Tuesday, May 27, 2008

Find Money for Your School - Grant Gopher

Grant Gopher is a service that helps registered users find grants for just about any non-profit organization. The grant search engine is continuously updated to include new grant opportunities and remove expired grant opportunities. There is a free section of Grant Gopher and two "premium" subscription services offered by Grant Gopher. The free service offers access to the search engine, weekly newsletter about grant opportunities, and access to common application forms.

Art, GPS, and Geography Combine

Over the weekend CNET ran a story about a Swedish art student that claims to have created the world's largest self-portrait using GPS and the package delivery service DHL. Whether or not the story is true is highly debatable, but regardless of truth it makes an interesting story and sparks an idea for combining Art, GPS, and Geography. The Swedish art student, Erik Nordenankar, created a world's largest self-portrait by sending a GPS device around the world through DHL. Nordenankar claims that he planned the routes the package would take so that the path of travel would represent a portrait. Embedded below is a video of Nordenankar demonstrating the project.

Applications for Education
Nordenankar's idea represents a great synthesis of technology and art. There isn't a public art teacher or geography teacher that could afford to try what Nordenankar did, but there are some free methods for simulating a similar experience. Students could create drawings using Google Earth or Google Maps by plotting placemarks in artistic shapes. After plotting the placemarks students can play "connect the dots" to complete the drawing. To incorporate an element of Social Studies students can research and report on the places where they plotted their placemarks.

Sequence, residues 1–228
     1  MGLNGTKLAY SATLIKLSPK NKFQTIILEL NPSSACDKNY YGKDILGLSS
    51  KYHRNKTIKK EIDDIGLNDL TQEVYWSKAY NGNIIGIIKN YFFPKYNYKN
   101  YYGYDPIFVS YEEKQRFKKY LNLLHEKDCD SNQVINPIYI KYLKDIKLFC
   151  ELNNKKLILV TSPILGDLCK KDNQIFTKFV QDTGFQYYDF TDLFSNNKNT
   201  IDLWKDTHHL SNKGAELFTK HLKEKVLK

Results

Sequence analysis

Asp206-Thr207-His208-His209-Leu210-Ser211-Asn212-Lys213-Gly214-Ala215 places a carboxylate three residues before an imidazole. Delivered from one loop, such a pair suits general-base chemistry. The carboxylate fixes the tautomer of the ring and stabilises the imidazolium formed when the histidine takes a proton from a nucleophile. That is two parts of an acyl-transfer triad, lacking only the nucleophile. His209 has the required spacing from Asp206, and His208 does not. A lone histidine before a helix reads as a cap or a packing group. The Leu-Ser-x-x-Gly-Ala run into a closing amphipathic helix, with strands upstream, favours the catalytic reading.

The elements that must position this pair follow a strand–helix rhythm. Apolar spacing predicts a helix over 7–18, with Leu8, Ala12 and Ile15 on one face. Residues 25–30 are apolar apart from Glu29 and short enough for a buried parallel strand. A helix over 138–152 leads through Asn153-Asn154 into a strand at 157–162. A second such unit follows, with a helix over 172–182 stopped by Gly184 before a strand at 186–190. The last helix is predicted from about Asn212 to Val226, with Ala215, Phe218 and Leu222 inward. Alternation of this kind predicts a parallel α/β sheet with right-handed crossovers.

If you have access to GPS units, students could recreate a project like Nordenankar's on a local scale.

Update: Nordenankar has confirmed on his website that the drawing was a hoax. None-the-less it's still a good synthesis of art and geography.

Statetris - Tetris for Maps

Statetris combines the fun of the classic video game Tetris with learning geography. Instead of stacking blocks as quickly as possible, players have to place states or countries in the proper place as quickly as possible. Just like in Tetris as a player's skill improves the speed of the game increases. The games are played using the arrow keys on the keyboard.

Applications for Education
Statetris comes in a variety of forms including games for the United States, Africa, Europe, and the states/provinces of some other selected countries. The games are good for practice and preparation for a geography quiz. Students receive instant feedback from the game and the game levels adjust to meet the progress of the student.

A Quick Reminder from My Students Regarding Data Backup

Just a short reminder from my students for my students and students worldwide (teachers and administrators too) save early and save often. I've been back to work for only 2 hours and I already have heard multiple pleas/whines/requests for help recovering lost files. The upside of all the pleas for file recovery help have presented me with a great opportunity to advocate for the use of Zoho Writer, Google Docs, and Buzz Word.

Reach the World - Interactive Geography Activities

Reach the World produces a great online game for Geography students. The GeoGames from Reach the World feature an interactive map which students drag and drop onto different elements. The beginner level games asks has student place continents and the poles in the correct position. As the games levels progress students have to place countries and capitals in their proper positions. In the Build Planet Earth section students have to place continents, oceans, mountains, and rivers in their proper positions.

Below is a video demonstration of a student using the Geography Games from Reach the World.

Applications for Education
The Geography Games from Reach the World are designed for elementary school students as a way to learn the locations of physical and political geographic features. When students have successfully built their maps the maps can printed and used for review offline.